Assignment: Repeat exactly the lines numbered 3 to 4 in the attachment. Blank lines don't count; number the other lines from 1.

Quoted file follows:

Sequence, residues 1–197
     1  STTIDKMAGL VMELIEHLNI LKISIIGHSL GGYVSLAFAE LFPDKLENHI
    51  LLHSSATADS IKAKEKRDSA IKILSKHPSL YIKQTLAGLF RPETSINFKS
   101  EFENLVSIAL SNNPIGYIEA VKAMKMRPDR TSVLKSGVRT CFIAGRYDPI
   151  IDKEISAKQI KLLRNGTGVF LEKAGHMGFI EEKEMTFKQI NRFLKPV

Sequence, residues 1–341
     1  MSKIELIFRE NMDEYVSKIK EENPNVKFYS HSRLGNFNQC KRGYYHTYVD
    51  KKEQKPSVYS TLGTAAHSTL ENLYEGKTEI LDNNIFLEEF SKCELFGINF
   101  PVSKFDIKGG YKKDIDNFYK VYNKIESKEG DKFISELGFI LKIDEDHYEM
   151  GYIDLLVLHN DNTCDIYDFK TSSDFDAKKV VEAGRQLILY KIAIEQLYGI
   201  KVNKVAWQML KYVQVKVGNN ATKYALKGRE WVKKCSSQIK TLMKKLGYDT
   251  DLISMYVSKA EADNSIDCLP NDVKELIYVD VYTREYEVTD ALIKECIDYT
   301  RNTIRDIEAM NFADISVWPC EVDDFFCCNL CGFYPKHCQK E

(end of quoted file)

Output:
    51  LLHSSATADS IKAKEKRDSA IKILSKHPSL YIKQTLAGLF RPETSINFKS
   101  EFENLVSIAL SNNPIGYIEA VKAMKMRPDR TSVLKSGVRT CFIAGRYDPI